Experienced pairs, especially hens (Experienced - have fostered some rounds of babies in their life) can be given other eggs to foster even if they dont have any eggs of their own. Lets say we have an old pair, and we just paired them up again, two days later our super pair A lays two eggs, but pair B has still not laid. You can give your Pair A eggs to pair B, and the hen will accept them as her own. If she has still not started to produce her own eggs, she might not even lay eggs of her own, but to be on the safer side its better to mark the eggs from Pair A, so that even if the hen from pair B does lay, you can throw them away.


These tricks require you to be a bit careful, and know what you are doing. You have to be careful the first few days, to make sure the babies are being fed, and that the pairs are sitting on the eggs. Thats why its best to do this when you know that you are going to be around and will be watching the birds for a few hours. If a hen sits on the eggs for an hour or two without moving away, you can be pretty sure that she accepted them. You can also test by removing the hen from the nest, and let the cock sit for a while.
The same thing applies to babies, be sure you are there to see the parents feed the babies at least once before you consider things to be safe.

I have tested all these methods, and know that they work. Hope they are helpful to you.

Last edited by NetRider; 9th March 2009 at 04:25 AM..
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workingpigeon workingpigeon is offline
Posted 8th February 2010, 12:40 AM
Join Date: Feb 2010
Posts: 2
Hello all.

It is very interesting to read. I was told that you can pair 2 cocks put an egg and they will care for it as if they where areal pair, did any of you try it?
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jpsnapdy jpsnapdy is offline
Posted 5th June 2010, 05:00 AM
Join Date: Apr 2010
Posts: 290
Very useful posts WhiteWings, TAWhatley and NetRider. I prefer single reared youngsters and therefore need foster parents.

But WhiteWings, why throw away ALL the eggs from the first round ?
It has also happened to me that one headstrong hen flew away after I removed her very first clutch of eggs from under her. She had refused to mate with the cocks I wanted her to and so I let her choose her mate herself. The day I 'stole' her eggs, the moment I opened the release window, she flew out like a dart and I never saw her again. 'Til today, I regret having lost her, she was a very tame hen from the very best breeders and a champion young bird flyer. Since that day, I let all my birds raise at least one young from the first clutch whether it's theirs or not.

An alternative to the bull system is to pair the hens with a cock each using nesting-boxes with the hen locked up and not allowing the cock in the same partition. Then when the hen of your bull is sitting on her eggs and locked up in her box, allow her cock (the bull) to mate in turn with the other hens once they are rank. Do this every day or twice a day when the bull is not on the nest. Once the hens have mated with the bull/stallion, put them back in their locked partition or the hens' aviary to be fed or whatever and only allow their cock to mate with them just before they lay their SECOND egg, i.e. around 11.00 or 12.00 HRS which is too late for him to fertilise his hen. Thereby fooling him into believing that the babies will be his, of course, he has never seen the bull but his hen has. Thereafter, leave the partition open and they will take turns sitting on the eggs normally. You can also float the eggs under foster parents.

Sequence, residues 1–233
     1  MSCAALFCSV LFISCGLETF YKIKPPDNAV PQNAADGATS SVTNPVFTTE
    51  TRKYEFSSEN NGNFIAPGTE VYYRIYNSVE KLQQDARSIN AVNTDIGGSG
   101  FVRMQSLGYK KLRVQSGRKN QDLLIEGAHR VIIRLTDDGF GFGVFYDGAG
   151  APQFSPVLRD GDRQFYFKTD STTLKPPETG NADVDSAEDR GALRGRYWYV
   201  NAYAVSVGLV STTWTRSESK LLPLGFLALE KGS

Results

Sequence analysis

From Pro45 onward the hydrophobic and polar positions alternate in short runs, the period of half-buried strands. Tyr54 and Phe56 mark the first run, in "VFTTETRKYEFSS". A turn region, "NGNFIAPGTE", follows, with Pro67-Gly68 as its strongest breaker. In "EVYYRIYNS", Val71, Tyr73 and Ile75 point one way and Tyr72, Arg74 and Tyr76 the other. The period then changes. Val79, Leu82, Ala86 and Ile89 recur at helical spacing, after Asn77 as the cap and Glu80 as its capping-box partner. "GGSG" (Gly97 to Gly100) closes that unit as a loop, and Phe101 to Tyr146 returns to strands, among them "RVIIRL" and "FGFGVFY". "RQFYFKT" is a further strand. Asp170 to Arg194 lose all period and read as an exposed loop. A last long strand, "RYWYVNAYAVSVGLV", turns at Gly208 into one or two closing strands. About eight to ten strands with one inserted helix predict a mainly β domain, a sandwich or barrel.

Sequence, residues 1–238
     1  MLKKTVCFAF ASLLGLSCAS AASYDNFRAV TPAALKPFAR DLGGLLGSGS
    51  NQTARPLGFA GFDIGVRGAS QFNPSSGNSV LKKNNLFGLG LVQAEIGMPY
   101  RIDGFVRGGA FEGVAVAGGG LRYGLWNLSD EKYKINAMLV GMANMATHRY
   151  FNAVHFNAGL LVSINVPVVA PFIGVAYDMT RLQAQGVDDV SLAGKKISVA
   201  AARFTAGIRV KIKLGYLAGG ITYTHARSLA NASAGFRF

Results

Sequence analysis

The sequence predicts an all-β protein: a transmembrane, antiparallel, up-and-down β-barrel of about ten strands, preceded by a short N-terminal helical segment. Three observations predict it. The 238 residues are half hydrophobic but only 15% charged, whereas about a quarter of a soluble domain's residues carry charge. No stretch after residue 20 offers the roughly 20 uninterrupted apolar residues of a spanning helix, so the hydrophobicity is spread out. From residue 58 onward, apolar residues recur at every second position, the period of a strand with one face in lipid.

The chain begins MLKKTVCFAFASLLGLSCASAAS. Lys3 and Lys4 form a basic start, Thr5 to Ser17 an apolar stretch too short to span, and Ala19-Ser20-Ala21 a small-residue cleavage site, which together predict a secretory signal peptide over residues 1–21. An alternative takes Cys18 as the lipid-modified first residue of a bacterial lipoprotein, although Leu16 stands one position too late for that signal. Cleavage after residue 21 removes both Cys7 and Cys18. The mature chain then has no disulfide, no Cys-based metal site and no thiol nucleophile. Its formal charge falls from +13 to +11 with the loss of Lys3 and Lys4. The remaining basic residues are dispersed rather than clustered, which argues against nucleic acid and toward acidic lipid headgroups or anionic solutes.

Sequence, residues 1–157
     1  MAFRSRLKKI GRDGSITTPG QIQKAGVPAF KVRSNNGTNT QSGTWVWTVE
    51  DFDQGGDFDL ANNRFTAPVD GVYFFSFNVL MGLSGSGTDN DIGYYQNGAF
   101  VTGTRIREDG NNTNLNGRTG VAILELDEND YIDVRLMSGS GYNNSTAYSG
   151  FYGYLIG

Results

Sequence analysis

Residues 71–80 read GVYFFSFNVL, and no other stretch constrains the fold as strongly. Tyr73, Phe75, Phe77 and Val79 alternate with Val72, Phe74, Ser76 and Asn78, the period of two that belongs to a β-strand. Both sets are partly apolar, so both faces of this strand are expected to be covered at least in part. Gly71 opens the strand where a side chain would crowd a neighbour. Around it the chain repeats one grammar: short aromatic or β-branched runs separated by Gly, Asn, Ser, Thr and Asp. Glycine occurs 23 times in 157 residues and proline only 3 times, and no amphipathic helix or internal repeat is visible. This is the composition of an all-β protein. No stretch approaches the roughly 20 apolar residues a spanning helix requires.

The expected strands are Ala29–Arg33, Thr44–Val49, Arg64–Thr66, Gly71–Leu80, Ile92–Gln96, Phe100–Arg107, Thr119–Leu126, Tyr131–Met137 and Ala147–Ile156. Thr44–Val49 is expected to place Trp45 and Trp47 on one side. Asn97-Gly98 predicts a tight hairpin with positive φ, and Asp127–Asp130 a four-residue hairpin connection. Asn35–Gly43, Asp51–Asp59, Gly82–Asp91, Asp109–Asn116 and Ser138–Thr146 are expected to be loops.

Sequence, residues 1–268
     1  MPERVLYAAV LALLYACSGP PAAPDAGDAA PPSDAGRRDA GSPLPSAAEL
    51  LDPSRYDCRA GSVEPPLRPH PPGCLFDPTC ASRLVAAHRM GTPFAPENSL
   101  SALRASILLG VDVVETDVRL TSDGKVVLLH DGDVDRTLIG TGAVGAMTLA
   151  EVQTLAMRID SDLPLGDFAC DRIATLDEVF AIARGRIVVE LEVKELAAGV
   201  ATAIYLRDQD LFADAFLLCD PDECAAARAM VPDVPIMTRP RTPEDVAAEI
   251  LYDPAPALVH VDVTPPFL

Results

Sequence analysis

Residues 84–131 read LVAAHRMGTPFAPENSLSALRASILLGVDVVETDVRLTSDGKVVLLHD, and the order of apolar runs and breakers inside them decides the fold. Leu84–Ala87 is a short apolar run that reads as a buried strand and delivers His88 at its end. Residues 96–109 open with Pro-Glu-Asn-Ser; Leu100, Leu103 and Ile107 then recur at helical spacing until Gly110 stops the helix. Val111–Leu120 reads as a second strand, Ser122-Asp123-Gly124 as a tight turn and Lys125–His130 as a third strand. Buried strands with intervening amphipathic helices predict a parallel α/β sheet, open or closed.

Last edited by jpsnapdy; 5th June 2010 at 06:10 AM..
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spirit wings spirit wings is offline
Posted 5th June 2010, 01:39 PM
Join Date: Mar 2008
Country: United States
Posts: 20,303
Quote:
Originally Posted by jpsnapdy View Post
Very useful posts WhiteWings, TAWhatley and NetRider. I prefer single reared youngsters and therefore need foster parents.

But WhiteWings, why throw away ALL the eggs from the first round ?
It has also happened to me that one headstrong hen flew away after I removed her very first clutch of eggs from under her. She had refused to mate with the cocks I wanted her to and so I let her choose her mate herself. The day I 'stole' her eggs, the moment I opened the release window, she flew out like a dart and I never saw her again. 'Til today, I regret having lost her, she was a very tame hen from the very best breeders and a champion young bird flyer. Since that day, I let all my birds raise at least one young from the first clutch whether it's theirs or not.

An alternative to the bull system is to pair the hens with a cock each using nesting-boxes with the hen locked up and not allowing the cock in the same partition. Then when the hen of your bull is sitting on her eggs and locked up in her box, allow her cock (the bull) to mate in turn with the other hens once they are rank. Do this every day or twice a day when the bull is not on the nest. Once the hens have mated with the bull/stallion, put them back in their locked partition or the hens' aviary to be fed or whatever and only allow their cock to mate with them just before they lay their SECOND egg, i.e. around 11.00 or 12.00 HRS which is too late for him to fertilise his hen. Thereby fooling him into believing that the babies will be his, of course, he has never seen the bull but his hen has. Thereafter, leave the partition open and they will take turns sitting on the eggs normally. You can also float the eggs under foster parents.
I do not think Whitewings is in pigeons any longer, I think she had to move and sold all her pigeons the first post was from 2005, and the last activity from her was in feb 2010. interesting info.
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sreeshs sreeshs is offline
Posted 6th June 2010, 11:36 PM
Join Date: Aug 2009
Location: Calicut, Kerala, India
Posts: 2,528
I would like to know if anyone have observed the ability to feed pigeon milk in case of early hatchings during fostering.